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Recent attack focuses attention on dogs

Meeting is Sept. 3 in WS

The recent pit bull attack in Bingen appears to be bringing a strong impetus for changes in the way dangerous dogs will be dealt with in White Salmon.

On July 18, four adults from the same family were attacked on their own property by a neighbor's pit bull in Bingen. All four had to be taken to the hospital for treatment of serious bite wounds.

The anger and anxiety from that shocking incident has spilled over to White Salmon. Citizens and council members alike are demanding changes to help try to prevent such an incident from occurring again.

To address the problem of dangerous dogs, the city of Bingen and the city of White Salmon are planning separate public hearings soon to address to problem.

Bingen will ask for public input regarding possible amendments to its dog ordinances on Sept. 2, beginning at 7 p.m. at the Bingen Fire Station meeting room.

Bingen is considering banning certain dog breeds; identifying dogs that are "potentially dangerous"; and requiring additional restrictions for these dogs. Restrictions could include: special registration; requiring the dog to be restrained in a kennel enclosure; requiring the dog to be muzzled when it leaves the property; requiring signs to be posted on the property noting that a "vicious" or "aggressive" or "potentially dangerous" dog resides on the property; and making the dog owners supply additional insurance to keep certain dogs.

White Salmon will hold its public hearing on Wednesday, Sept. 3, at the beginning of its regular City Council meeting. The meeting will start at 6 p.m. in the White Salmon Fire Station.

White Salmon City Council member Bob Landgren, who owns Vanguard Nursery, said the attack had a direct and personal impact on him.

"Two of those injured in the Bingen attack were my employees," Landgren said at last week's council meeting. "I've had several citizens call me, and I think we need to schedule a public hearing on this situation and find out where we stand. It's an important issue for our city."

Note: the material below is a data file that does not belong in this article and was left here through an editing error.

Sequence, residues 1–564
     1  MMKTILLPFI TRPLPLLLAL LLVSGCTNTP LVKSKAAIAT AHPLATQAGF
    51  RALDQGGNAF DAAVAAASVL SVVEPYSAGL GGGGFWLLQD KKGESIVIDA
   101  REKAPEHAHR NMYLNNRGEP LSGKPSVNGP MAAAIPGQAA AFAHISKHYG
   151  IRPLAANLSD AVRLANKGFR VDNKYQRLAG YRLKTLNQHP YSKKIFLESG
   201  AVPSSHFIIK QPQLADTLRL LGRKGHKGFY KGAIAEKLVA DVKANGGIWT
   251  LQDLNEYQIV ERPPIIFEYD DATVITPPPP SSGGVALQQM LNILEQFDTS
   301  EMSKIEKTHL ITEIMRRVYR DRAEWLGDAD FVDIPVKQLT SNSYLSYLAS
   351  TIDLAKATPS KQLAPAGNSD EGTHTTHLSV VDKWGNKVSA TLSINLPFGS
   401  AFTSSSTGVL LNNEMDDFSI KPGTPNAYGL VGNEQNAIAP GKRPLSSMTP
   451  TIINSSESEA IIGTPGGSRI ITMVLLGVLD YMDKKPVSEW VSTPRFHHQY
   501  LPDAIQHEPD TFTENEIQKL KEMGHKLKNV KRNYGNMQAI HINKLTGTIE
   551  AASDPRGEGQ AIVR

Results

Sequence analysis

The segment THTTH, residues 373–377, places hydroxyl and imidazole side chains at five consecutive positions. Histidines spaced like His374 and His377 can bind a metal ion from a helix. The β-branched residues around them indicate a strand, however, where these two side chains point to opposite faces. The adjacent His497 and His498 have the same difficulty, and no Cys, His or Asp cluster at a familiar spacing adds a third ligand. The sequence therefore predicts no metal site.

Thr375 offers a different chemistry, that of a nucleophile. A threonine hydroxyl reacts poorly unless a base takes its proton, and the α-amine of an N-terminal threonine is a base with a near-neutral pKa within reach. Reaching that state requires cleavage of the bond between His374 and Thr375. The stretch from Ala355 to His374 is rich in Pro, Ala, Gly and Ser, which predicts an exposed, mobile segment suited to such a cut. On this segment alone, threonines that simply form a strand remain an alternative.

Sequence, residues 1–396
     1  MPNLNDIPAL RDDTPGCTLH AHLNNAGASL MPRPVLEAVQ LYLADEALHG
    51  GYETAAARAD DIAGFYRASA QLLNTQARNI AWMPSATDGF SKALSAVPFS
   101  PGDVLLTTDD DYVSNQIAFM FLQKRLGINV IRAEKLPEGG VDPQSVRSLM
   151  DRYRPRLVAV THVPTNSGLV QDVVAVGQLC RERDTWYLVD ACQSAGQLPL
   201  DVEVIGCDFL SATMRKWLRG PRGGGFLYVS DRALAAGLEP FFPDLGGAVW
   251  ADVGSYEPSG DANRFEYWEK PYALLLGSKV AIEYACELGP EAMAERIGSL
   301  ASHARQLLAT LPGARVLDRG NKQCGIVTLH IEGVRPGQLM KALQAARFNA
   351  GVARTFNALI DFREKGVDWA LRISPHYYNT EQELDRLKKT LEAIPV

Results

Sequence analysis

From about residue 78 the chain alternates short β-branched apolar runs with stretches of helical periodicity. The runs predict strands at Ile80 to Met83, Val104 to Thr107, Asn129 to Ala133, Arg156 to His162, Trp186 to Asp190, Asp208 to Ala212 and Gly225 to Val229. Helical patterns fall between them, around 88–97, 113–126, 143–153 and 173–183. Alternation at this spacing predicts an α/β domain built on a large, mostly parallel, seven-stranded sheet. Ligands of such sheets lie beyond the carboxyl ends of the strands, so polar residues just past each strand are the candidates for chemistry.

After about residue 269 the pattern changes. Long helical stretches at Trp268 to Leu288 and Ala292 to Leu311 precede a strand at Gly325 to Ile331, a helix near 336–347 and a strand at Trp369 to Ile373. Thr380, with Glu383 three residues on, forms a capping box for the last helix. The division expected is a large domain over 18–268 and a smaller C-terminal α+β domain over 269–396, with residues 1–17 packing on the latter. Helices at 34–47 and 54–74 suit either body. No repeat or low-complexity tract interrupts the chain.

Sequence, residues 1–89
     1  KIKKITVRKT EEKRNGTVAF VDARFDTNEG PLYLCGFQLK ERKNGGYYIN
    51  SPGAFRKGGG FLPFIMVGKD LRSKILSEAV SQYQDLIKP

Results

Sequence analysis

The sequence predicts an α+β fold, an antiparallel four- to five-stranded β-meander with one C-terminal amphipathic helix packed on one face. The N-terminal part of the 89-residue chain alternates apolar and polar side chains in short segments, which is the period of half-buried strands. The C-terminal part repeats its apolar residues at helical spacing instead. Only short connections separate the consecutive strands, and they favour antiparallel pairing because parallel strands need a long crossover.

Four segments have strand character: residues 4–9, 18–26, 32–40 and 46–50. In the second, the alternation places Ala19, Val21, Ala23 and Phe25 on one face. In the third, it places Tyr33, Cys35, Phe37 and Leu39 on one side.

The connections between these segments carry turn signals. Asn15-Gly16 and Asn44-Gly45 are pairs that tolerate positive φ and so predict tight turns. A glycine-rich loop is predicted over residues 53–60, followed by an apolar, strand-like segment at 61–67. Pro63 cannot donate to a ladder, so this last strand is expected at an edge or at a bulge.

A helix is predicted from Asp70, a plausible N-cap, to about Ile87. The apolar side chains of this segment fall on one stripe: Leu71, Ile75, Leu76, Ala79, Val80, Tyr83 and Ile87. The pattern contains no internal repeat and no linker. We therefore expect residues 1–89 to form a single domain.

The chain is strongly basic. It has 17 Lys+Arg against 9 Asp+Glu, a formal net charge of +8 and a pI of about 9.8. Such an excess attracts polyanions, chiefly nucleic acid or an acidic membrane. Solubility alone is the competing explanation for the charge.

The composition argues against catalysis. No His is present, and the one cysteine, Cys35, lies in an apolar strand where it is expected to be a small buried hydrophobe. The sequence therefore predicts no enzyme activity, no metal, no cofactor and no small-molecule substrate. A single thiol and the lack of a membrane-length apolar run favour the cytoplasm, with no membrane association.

Landgren said he supported the idea of contracting with the same animal control officer that now serves the city of Bingen. That officer, who patrols Bingen and enforces ordinances related to animals, works for the Goldendale Police Department.

"We need to see where we're at on enforcement. We may want to look at a contract with the Goldendale Police Department," Landgren explained. "With the county and Bingen using him, if we went in on it with them, it might make it less expensive for all of us."

Bingen-White Salmon Police Chief Bruce Brending said he backed the idea of having a part-time animal control officer available.

"If we can find a way to make it work with a certified animal control officer, great," Brending said. "Our cars are not equipped to transport dogs."

Brending pointed out that since Bingen has brought on its animal control officer, compliance with license requirements and rules for keeping dogs on leashes has gone up.

"It has been very successful for Bingen," Brending said. Brending added that he expected all the entities involved would want to include White Salmon in the coverage.

"Unless things have changed, the original game plan was to offer services for White Salmon, Bingen, and the county," he said.

Brending said he believes White Salmon needs to update its ordinances about dogs, including revamping how much is charged for violations.

"Our ordinance on dogs is outdated, and has been for a long time. The fines don't even cover the court costs, and it needs to be revamped," he said.

White Salmon resident Shelley Baxter is one of the citizens who has been pushing the White Salmon council to take firmer action. At the council's Aug. 20 meeting, Baxter told the council members that she had been attacked by a pit bull and had her ear torn off by the animal.

"I feel a responsibility to weigh in with my feelings that we need protections for all of us," Baxter said. "At a minimum, you need to come up with some way of requiring insurance for certain breeds, for rottweiler or pit bull mixes. People who say it's not fair for those who can't afford insurance -- what about those who lose their livelihoods to these dogs? There are a lot of things that can be done, and it's time, frankly."

Council member Brad Roberts said he was interested in looking at a ban on certain aggressive dog breeds.

"Can there be breed-specific bans? I feel pit bills don't have a place in our communities," Roberts said.

"There are a lot of options, but a breed specific ban is problematic for enforcement," Brending said. "But there can at least be increased license fees and insurance costs for certain breeds."


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